>Cut it Out


beaded camo camouflage print Windsor Button store Boston U.S. pop art war bead embroiderySemi-beaded M1 Abrams main battle tank. Bead embroidery on f elt.
17″ wide x 5.5″ tall (40 x 13cm)

The other day, I got an email from a new reader who noticed that I cut out my felt shapes before I bead them. She asked ” Wouldn’t it be easier to work if you beaded the shape first on a larger piece of felt, THEN carefully cut it out? You’d be able to hold on to it more easily, and it would be lots easier to bead the edges. “

I know that plenty of beaders work this way, and I have tried that before, but I have found it is easier for me to work in the opposite manner. Since my pieces are so larger, it is much easier for me to work if there is no excess material, and it is actually easier for me to bead the edges of the felt if it is already cut out. Also, I would be afraid to try to cut out an odd shape such as a beaded military tank after it is beaded. What if I accidentally cut a thread that I can’t see?? Then, all of my work would fall apart! So, I guess there is a method to my madness, afterall. Which method would you prefer?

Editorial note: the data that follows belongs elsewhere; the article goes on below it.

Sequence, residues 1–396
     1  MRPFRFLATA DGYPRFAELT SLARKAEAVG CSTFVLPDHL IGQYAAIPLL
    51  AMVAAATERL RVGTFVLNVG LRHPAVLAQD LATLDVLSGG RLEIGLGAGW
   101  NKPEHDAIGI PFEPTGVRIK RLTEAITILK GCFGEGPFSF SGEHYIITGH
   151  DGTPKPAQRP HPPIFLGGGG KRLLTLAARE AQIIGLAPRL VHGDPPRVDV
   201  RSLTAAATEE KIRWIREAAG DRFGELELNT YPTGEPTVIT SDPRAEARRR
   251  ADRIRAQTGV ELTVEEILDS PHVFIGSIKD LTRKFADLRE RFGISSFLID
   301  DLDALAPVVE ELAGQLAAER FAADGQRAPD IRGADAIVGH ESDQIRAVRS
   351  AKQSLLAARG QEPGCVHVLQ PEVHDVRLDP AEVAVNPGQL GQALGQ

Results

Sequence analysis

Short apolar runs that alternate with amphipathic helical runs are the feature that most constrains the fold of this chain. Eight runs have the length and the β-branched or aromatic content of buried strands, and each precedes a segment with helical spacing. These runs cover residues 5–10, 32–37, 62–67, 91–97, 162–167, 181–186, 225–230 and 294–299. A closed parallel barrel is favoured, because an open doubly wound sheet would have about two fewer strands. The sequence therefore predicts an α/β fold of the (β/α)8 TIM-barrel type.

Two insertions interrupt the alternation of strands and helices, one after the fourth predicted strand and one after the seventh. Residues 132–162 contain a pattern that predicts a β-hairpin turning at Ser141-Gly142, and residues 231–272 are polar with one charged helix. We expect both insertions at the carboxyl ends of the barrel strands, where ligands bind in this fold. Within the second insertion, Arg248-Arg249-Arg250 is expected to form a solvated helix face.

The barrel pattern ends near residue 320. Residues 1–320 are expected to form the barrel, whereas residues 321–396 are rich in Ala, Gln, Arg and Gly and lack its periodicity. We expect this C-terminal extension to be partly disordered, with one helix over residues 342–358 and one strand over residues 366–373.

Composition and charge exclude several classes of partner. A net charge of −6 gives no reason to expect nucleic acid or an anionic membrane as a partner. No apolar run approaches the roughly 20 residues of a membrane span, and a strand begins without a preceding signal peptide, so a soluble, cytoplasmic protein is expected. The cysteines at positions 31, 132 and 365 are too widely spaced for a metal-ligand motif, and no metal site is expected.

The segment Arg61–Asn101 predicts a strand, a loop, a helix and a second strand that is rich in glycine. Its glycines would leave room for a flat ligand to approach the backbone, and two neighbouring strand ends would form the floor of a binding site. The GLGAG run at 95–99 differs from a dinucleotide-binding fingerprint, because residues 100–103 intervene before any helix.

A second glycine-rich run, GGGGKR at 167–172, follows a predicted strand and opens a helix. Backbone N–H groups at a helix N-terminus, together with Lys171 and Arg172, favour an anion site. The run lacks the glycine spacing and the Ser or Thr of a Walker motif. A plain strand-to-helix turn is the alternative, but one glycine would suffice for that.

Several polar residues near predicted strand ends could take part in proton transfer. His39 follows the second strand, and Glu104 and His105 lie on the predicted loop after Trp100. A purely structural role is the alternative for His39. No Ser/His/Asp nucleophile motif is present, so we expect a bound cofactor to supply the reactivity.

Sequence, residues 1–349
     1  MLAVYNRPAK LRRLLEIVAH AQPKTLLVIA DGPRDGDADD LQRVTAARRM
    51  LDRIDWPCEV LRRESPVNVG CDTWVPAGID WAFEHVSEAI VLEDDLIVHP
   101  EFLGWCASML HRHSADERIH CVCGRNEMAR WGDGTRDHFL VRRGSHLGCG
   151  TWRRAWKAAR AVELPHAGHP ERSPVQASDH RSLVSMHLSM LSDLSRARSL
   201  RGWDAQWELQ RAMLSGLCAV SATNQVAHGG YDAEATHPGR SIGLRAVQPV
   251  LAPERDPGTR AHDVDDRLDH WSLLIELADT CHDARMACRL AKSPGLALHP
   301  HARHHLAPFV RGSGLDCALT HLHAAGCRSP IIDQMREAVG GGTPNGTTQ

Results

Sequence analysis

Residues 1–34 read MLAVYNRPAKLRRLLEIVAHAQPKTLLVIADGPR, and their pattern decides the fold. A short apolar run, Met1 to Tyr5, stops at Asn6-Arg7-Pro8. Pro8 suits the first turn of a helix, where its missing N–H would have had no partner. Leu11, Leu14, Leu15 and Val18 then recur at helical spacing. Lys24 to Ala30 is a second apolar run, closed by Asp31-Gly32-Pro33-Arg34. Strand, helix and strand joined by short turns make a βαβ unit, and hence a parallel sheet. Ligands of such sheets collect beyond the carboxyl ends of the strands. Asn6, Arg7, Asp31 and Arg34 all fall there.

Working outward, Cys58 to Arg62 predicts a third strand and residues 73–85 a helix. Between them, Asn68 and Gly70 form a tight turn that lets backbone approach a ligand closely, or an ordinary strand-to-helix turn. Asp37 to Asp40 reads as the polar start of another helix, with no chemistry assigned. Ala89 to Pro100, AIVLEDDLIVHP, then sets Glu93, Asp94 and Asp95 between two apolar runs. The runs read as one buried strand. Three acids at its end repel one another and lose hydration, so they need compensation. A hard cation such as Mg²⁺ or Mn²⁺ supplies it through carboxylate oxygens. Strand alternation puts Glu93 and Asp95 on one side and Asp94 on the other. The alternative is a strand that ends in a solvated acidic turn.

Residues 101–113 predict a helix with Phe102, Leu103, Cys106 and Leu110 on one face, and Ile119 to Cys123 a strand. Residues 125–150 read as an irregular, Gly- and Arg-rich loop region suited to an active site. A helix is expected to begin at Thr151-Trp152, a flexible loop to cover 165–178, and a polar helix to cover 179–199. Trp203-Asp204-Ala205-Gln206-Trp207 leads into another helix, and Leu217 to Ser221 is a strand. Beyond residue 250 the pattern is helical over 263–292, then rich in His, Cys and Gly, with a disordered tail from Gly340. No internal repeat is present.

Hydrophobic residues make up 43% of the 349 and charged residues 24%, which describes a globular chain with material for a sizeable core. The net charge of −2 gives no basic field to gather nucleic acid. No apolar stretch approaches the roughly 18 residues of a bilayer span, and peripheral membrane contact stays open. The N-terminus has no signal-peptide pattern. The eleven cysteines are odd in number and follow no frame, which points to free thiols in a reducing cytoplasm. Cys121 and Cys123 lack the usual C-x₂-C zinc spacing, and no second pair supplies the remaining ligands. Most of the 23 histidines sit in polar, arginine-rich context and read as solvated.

9 thoughts on “>Cut it Out

  1. >I like to cut first, bead second. I never can seem to cut closely enough to the beads after the fact and since I am beading on a thick interfacing, I don't seem to have any trouble with stretching or other changes.

  2. >I agree. I don't like a lot excess felt when I'm beading. I cut pretty close to the shape of the piece I making. Although, I have done pieces the other way, especially if I working on a neckpiece because sometimes a piece will change shape as I'm working on it.

  3. >This is sooo cool. Your method makes a lot of sense. I can't imagine accidentally cutting a thread and have all those little beads work loose. I'd be soooo mad at myself.

Comments are closed.